A Sort of Permutation

Practical lessons in the impractical permutation sort

We’ve previously explored esoteric sorting algorithms that either purport to be linear in execution time but are hugely inefficient or actually are linear but are lossy. It’s time to find ourselves at the other end of the scale: lossless and profoundly non-linear. Permutation sort takes us from O(n) to O(n!) — that’s right, factorial time. O(MG)!

In case your only recollection of factorial is as a rather uncompelling demonstration of recursion, what you need to know is that the numbers get very large very fast.

The recursive implementation of factorial arises from having 0! = 1 as a base case and expressing other cases as n! = n×(n-1)!. In Haskell this can be expressed directly as

factorial 0 = 1
factorial n = n * factorial (n - 1)

Or, less declaratively and in a conditional form that translates more readily to most languages, as

factorial n = if n == 0 then 1 else n * factorial (n - 1)

Haskell is structurally and syntactically well suited to recursive definitions — especially using the first, pattern-based form — but this is not the case across all languages. Sometimes a recursive definition seems the most powerful and elegant way to express something, but sometimes, as Edsger Dijkstra notes, not so much:

Although correct, it hurts me, for I don’t like to crack an egg with a sledgehammer, no matter how effective the sledgehammer is for doing so.

There is a simpler definition of factorial that defines it as a sequence product, i.e., n! = Πⁿi. No fuss, sledgehammer or recursion required:

factorial n = product [1..n]

I’m not saying the reason many programmers are hesitant about recursion is because factorial is their introductory example… but I’m sure it doesn’t help. As Michael Jackson (no, not that one, the other one) remarks:

Software development should not be a trade of constructing difficulty from simplicity. Quite the contrary.

Now that we have a way of calculating factorial, we can return to appreciating O(n!) performance complexity. As I was saying, the numbers get very large very fast: 1! is 1; 5! is 120; 10! is 3628800; 12! is the largest integral factorial that can be expressed in a 32-bit integer; the 64-bit budget gets blown after 20!; to go higher, you’re gonna need a bigger int. You get the idea. Very large. Very fast.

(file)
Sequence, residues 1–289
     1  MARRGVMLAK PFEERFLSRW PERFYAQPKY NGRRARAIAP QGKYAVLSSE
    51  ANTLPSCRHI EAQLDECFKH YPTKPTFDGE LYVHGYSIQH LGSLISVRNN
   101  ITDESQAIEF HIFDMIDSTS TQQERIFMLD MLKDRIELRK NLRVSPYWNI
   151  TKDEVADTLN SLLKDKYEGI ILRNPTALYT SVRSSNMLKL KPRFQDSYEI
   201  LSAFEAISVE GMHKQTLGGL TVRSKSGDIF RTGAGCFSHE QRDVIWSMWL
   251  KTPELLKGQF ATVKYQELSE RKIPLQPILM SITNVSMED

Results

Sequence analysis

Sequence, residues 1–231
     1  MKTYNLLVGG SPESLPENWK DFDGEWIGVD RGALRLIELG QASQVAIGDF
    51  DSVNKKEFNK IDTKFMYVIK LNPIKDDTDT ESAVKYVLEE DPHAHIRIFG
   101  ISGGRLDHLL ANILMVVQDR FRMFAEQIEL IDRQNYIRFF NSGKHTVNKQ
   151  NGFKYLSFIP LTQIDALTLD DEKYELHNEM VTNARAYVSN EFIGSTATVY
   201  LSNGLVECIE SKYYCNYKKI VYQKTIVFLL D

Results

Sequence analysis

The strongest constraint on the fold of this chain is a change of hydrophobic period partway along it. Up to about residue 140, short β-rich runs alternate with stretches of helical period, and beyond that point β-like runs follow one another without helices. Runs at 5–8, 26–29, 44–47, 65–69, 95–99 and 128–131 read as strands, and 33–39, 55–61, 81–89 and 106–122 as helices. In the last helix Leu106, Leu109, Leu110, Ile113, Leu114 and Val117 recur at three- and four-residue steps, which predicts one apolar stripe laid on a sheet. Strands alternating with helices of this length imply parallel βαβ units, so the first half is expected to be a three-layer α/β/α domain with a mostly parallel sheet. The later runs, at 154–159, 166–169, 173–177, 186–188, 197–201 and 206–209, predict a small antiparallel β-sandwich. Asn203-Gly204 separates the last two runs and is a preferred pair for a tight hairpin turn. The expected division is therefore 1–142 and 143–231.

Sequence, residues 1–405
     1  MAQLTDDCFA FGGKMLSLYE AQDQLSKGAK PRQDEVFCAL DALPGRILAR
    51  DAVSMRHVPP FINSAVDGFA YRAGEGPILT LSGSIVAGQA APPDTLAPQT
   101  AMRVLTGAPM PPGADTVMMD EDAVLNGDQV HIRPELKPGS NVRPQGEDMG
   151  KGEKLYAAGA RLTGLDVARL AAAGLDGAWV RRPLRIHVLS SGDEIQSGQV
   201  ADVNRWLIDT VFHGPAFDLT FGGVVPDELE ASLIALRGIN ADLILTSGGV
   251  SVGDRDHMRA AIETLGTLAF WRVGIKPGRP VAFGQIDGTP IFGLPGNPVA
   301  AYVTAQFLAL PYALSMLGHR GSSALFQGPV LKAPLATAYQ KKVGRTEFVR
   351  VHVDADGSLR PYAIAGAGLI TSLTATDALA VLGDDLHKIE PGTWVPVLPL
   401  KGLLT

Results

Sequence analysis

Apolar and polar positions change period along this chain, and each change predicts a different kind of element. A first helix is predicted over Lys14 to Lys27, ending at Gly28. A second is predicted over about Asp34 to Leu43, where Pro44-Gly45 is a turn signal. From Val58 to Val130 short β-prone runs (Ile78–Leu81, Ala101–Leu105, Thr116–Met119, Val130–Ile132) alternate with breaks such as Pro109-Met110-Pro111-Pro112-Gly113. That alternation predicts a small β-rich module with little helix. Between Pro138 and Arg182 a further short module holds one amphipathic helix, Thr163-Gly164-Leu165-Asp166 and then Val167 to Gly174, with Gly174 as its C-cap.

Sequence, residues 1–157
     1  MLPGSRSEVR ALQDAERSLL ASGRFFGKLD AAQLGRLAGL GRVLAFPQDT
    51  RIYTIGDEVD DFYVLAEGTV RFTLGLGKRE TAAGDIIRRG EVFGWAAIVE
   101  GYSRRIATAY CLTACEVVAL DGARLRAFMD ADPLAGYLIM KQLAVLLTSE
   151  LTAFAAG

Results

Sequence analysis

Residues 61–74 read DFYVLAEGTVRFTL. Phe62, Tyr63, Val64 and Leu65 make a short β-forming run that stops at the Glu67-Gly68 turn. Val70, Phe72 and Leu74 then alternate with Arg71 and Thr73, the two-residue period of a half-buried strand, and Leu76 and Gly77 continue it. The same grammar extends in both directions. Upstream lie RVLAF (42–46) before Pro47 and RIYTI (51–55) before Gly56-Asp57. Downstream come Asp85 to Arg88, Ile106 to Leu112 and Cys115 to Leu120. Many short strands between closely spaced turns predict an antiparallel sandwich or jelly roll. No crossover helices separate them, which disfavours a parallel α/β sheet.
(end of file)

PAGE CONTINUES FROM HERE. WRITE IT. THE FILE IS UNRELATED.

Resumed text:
But very fast is one thing you won’t get if you have an algorithm with this kind of time consumption. Factorials crop up in determining permutations and combinations of things, from the way a deck of cards might be shuffled to how proteins can be folded. And that’s what permutation sort does: in essence, it is an unoptimised search through the permutations of the input values until it finds the one arrangement that is sorted. Permutation sort is to sorting as blind trial and error is to learning.

Python’s permutations function returns an iterable that can be used to iterate through successive rearrangements of the values given as its input:

list(permutations([1, 2, 3]))

Generates a list with 3! = 6 permutations of the input, including the input:

[(1, 2, 3), (1, 3, 2), (2, 1, 3), (2, 3, 1), (3, 1, 2), (3, 2, 1)]

If we apply this to a list with 4 items:

list(permutations([1, 2, 3, 4]))

The resulting list contains 4! = 24 permutations:

[(1, 2, 3, 4), (1, 2, 4, 3), (1, 3, 2, 4), (1, 3, 4, 2),
(1, 4, 2, 3), (1, 4, 3, 2), (2, 1, 3, 4), (2, 1, 4, 3),
(2, 3, 1, 4), (2, 3, 4, 1), (2, 4, 1, 3), (2, 4, 3, 1),
(3, 1, 2, 4), (3, 1, 4, 2), (3, 2, 1, 4), (3, 2, 4, 1),
(3, 4, 1, 2), (3, 4, 2, 1), (4, 1, 2, 3), (4, 1, 3, 2),
(4, 2, 1, 3), (4, 2, 3, 1), (4, 3, 1, 2), (4, 3, 2, 1)]

And so on for higher n.

Permutation sort is, therefore, simply a search through this result set. It follows a generate-and-test approach:

Possible solutions are generated systematically and evaluated until a suitable solution is found. […] The greatest weakness of generate-and-test procedures is combinatorial explosion.

For the specific examples just shown, a linear search will be successful on the first comparison because the lists [1, 2, 3] and [1, 2, 3, 4] were already sorted. If we start instead with the inputs reverse sorted, it takes n! steps to find the sorted result.